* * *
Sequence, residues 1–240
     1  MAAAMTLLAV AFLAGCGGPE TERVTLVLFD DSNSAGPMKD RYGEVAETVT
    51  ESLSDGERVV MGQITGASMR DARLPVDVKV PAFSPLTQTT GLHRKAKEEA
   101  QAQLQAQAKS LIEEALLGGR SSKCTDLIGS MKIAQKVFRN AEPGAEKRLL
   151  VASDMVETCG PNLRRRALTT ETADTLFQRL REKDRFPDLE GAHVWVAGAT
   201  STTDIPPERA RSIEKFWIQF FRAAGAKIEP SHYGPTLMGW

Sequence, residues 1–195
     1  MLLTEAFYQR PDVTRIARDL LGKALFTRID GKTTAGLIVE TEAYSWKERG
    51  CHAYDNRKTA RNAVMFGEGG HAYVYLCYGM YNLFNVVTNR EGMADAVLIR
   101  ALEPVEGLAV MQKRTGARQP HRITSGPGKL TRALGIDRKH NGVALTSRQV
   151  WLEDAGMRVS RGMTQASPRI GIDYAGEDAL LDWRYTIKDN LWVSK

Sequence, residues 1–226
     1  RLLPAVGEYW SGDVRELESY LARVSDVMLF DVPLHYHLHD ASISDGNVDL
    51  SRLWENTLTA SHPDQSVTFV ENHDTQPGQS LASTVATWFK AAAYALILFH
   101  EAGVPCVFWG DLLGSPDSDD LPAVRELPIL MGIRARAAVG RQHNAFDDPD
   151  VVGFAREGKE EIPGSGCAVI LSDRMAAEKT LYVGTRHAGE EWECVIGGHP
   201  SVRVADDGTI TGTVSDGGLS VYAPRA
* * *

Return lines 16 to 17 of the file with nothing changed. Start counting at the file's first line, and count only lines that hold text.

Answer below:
   151  VVGFAREGKE EIPGSGCAVI LSDRMAAEKT LYVGTRHAGE EWECVIGGHP
   201  SVRVADDGTI TGTVSDGGLS VYAPRA